Post adoption contact: recommendations of the Public Law Working Group

Wednesday 20 December 2023

Blog post by Laura Williams of the Garden Court Family Law Team.

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The Public Law Working Group (PLWG) has published an interim report containing draft recommendations for best practice in respect of adoption. A final report is expected in early 2024, following consultation over the next two months.

Chapter 1 of the interim report deals with adoption and contact. Indirect and letterbox contact remains the predominant contact provision post adoption in England and Wales. The report observes that the current system whereby face-to-face contact is the exception rather than the rule is outdated and calls for a sea change in approach. Training – of prospective adopters, social workers, lawyers and judges – about the benefits of open adoption for many children is identified as key to bringing about that change. Ongoing support for birth parents, to enable them to understand and accept their role in post adoption contact, is also important.

The recommendations envisage that a specific named ‘adoption social worker’ will be actively involved at an early stage and remain involved after the placement order is made. The adoption social worker will provide a line of communication with the birth parents so that the adoption social worker can monitor and reassess the ability of a relative/other to have contact after proceedings have ended.

The key recommendations include:

  • (i) The social worker should identify at the pre-proceedings stage people in the child’s network who are significant to the child and who can play a role in post adoption contact. That role might include providing background information and ongoing news about significant family members, reassuring the child that they are remembered or facilitating a positive contact experience.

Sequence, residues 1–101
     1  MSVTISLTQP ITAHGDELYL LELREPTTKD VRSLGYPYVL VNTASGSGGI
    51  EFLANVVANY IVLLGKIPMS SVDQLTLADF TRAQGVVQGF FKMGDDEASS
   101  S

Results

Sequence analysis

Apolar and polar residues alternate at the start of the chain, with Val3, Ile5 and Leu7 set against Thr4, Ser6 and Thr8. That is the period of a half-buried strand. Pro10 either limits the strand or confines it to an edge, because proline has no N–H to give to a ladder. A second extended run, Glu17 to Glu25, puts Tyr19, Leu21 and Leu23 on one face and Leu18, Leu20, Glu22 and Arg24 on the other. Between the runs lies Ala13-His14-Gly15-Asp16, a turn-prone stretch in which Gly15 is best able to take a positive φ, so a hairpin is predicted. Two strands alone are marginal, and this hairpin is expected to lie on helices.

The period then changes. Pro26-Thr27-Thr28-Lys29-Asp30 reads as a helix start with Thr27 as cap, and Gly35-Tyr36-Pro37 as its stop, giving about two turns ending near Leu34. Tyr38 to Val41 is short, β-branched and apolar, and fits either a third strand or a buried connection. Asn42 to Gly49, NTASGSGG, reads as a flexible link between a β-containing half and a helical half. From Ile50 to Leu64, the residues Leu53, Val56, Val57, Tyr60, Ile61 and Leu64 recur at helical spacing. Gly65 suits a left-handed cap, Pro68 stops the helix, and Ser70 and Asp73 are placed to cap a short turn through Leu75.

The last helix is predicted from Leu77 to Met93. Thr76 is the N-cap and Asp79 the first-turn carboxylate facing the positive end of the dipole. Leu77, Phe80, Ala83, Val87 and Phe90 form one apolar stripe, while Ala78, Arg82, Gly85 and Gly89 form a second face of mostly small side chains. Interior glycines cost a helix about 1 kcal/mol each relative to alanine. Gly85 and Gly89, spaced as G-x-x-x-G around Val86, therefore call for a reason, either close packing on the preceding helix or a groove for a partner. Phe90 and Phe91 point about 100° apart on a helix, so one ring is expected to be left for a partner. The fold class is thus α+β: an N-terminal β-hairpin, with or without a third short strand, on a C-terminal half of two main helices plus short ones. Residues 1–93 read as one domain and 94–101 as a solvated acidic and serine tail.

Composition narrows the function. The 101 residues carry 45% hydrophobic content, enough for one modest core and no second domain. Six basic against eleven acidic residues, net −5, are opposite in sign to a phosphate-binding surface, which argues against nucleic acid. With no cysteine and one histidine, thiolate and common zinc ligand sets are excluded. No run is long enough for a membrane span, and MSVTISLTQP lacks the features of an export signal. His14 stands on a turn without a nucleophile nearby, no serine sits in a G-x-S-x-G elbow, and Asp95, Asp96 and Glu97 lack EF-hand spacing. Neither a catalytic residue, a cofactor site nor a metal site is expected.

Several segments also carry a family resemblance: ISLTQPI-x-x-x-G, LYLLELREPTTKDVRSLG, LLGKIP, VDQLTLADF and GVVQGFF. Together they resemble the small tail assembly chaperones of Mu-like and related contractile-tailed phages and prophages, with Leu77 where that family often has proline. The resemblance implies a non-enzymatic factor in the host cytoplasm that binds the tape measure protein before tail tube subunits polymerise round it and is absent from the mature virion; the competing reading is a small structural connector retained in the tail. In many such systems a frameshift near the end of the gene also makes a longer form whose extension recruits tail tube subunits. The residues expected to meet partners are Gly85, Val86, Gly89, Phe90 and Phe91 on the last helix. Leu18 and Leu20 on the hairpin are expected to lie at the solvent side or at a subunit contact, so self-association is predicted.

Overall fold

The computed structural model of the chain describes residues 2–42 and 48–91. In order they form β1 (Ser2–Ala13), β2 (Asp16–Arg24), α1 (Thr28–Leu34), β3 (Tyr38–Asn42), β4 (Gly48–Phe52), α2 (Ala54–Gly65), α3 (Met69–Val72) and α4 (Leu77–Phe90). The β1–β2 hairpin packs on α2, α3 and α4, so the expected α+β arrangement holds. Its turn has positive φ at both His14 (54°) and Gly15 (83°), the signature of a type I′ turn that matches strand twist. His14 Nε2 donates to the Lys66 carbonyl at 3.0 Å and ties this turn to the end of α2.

• (ii) The social worker’s final statement should include an assessment of the ability of any identified person to maintain contact post adoption.
  • (iii) The final statement should also include an analysis of all possible forms of contact, balancing the welfare benefits for the subject child against any safeguarding issues. If direct contact is not considered to be beneficial at this stage, it should recommend whether a reconsideration of direct contact should take place at a later stage.
  • (iv) The adoption support plan should encompass a contact support plan and this should be available in draft form for consideration by the court before making a placement order.
  • (v) Should letterbox contact be recommended there should be exploration of digital options.
  • (vi) As a minimum, all siblings who are not placed together should receive the information suggested in the “Charter for Siblings” set out in Beckett’s ‘Beyond Together & Apart’ practice guide.
  • (vii) Courts should consider, in the right case, making an order under section 51A ACA 2002 to facilitate a review of contact by the court after the adoption order has been made.

The report recognises that imposing an order on unwilling adopters is a very serious matter and that the decision of the Court of Appeal in Re B (A Child) (Post adoption Contact) [2019] 2 FLR 117 outlines the limits in which it is appropriate. The aspiration is that, with greater support and training for all concerned, decisions about contact can be made by consent.

There is a table of post-adoption case law which lawyers will find useful and templates for different types of post adoption contact agreement. Other areas covered by the interim report are access to records, practice and procedure, international adoption and consensual adoption. The consultation closed on 30 November 2023.

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